Family, friends and members of the Yale community celebrated the launch of Marina Keegan’s ’12 posthumous short story and essay collection “The Opposite of Loneliness” at an event at the Yale Bookstore on Wednesday.
Keegan, a writer, actress and activist, died in a car accident five days after graduating from Yale in 2012. The essay from which the book takes its title — was written for the 2012 commencement issue of the News and garnered over 1.4 million views after her death. Keegan wrote all but three of the collection’s 17 essays and stories for her classes at Yale, campus publications and the English Major Writing Concentration.
“The launch couldn’t be anywhere but Yale,” said English professor Anne Fadiman, who wrote the introduction to Keegan’s book. “Marina tore through Yale like a comet, she loved this place, so we had to have the book launch here — we imagined bringing Marina back to Yale.”
Fadiman, writer Jack Hitt, Keegan’s junior year roommate Chloe Sarbib ’12, and Keegan’s close friend Mark Sonnenblick ’12 — who worked with Keegan on the musical “Independents” — read excerpts from Keegan’s essays and stories to a crowded audience of roughly 80 people. Beth McNamara, Marina’s high school English teacher, and Keegan’s parents Kevin and Tracy Keegan were also present. The Keegan family hosted a reception at Mory’s following the talk.
Sarbib read from Keegan’s short story “The Ingenue,” while Hitt read an excerpt from “Sclerotherapy,” a story about regret over a lifetime. Fadiman read “Song for the Special,” an essay about being an individual and making a difference in the world.
“‘Someday before I die, I think I’ll find a microphone and climb to the top of a radio tower … Hello, I’ll say to outer space, this is my card,’” Fadiman read.
Sonnenblick read the book’s eponymous essay for the closing reading, sharing Keegan’s powerful message of hope, community and inspiration with the audience.
Following the readings, Keegan’s family and friends welcomed questions from the audience and shared personal anecdotes. Keegan’s mother Tracy Keegan described her daughter’s childhood, her love for books, and her mindfulness and curiosity, recalling that her daughter had said, “My imagination scares me.”
In response to a question from the audience about Keegan’s friends and family reading her writing after her death, Tracy Keegan described the experience reading through her journals and files on her hard-drive as “bittersweet and beautiful.” Tracy Keegan said her daughter set goals for herself in her journals, such as striving for empathy, humility and making a difference in the world.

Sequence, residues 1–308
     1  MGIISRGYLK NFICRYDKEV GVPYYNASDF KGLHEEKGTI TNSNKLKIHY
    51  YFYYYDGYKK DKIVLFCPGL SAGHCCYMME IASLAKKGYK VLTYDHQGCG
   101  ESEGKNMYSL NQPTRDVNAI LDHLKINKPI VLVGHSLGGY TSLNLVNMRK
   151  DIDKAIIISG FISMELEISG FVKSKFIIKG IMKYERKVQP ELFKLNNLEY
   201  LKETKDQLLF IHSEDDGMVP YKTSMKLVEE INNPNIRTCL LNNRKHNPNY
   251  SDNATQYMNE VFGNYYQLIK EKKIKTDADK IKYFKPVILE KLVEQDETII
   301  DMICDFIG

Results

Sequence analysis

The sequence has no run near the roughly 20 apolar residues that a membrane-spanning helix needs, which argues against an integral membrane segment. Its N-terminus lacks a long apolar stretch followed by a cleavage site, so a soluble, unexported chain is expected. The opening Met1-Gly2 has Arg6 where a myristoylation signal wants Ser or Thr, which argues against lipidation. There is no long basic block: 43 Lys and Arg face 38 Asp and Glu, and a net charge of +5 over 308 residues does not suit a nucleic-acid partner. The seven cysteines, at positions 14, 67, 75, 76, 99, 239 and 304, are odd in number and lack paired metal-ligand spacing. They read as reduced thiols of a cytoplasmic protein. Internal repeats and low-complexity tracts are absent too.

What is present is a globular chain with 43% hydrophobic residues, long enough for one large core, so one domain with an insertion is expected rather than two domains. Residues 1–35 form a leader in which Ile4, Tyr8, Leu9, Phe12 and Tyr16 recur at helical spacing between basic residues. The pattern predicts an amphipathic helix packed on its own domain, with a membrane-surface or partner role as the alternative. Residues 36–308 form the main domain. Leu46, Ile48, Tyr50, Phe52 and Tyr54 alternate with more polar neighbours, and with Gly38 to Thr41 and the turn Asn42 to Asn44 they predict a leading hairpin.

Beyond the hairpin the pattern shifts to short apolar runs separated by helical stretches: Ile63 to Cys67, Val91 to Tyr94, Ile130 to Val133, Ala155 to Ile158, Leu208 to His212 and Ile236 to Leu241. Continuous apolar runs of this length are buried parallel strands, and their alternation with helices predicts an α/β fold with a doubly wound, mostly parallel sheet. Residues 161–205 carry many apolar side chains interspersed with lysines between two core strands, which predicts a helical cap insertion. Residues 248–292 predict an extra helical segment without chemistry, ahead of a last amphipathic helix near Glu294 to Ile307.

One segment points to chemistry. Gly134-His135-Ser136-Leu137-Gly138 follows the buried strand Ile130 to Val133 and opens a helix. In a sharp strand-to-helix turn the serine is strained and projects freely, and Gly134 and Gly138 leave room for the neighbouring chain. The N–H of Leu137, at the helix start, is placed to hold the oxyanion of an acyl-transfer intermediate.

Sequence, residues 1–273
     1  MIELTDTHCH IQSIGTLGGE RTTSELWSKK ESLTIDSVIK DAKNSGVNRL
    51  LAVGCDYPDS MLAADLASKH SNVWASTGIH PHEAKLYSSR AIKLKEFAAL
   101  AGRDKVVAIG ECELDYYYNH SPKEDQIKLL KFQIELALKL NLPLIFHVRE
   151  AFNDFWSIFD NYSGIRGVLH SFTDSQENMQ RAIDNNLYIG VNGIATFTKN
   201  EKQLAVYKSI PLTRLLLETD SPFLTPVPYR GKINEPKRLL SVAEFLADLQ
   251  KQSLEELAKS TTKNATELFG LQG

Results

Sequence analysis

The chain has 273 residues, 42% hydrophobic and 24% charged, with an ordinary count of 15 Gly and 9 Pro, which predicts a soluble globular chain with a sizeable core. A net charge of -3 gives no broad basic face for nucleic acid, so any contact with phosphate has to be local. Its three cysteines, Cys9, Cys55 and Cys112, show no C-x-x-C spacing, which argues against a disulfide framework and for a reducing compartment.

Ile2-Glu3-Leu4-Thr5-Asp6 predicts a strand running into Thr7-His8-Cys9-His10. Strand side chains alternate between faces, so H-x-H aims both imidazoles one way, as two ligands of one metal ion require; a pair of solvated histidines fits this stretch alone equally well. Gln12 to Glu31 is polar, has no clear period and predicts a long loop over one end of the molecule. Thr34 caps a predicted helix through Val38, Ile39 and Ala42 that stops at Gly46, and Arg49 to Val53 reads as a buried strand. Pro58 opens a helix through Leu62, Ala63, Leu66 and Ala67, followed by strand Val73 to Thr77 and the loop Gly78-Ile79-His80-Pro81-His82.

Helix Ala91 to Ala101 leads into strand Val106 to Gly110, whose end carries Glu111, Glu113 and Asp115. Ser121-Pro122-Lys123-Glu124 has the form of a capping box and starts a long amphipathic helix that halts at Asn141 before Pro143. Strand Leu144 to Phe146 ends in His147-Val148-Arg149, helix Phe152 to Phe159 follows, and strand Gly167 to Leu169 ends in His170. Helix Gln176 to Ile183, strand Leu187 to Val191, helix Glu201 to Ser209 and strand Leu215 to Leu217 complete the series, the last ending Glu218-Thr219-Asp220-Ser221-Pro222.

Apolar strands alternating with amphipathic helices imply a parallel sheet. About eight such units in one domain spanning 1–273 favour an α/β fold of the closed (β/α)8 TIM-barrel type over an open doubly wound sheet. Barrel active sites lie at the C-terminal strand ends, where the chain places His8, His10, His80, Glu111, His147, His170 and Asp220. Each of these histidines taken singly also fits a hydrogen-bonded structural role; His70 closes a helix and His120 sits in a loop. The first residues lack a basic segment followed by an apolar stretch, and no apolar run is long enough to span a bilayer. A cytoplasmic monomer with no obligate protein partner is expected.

“I could hear her talking to me in words I’ve never heard her say,” she said.
At the request of an audience member, Sarbib recounted the story of Keegan’s hilarious but failed plans for a talent show performance during a summer program at the Royal Academy of Drama in London. According to Sarbib, Keegan planned to solve a Rubik’s cube to a soundtrack, not realizing she had to audition in front of a panel of distinguished judges.
McNamara, Fadiman and other readers repeated that Keegan’s writing reflects her unique voice. For both readers and audience members, Keegan’s book represents a means of bringing Keegan back to life.
“Getting to read more of Marina’s writing and hear it be read is just like getting to hear her voice again,” said Riley Scripps Ford ’11, a close friend of Keegan’s who participated in the Writing Concentration with her.
Keegan — commended as a writer who exhibited promise and talent — was praised for her style and prose by many of the event’s attendees.
Matthew Mattia ’17 said he admires her and highly anticipated the book, having previously searched through the News’ archives and other sources for her writing.
“She has an ease with very emotional but not trite language,” he said.
Keegan died in Massachusetts on May 26, 2012, at the age of 22.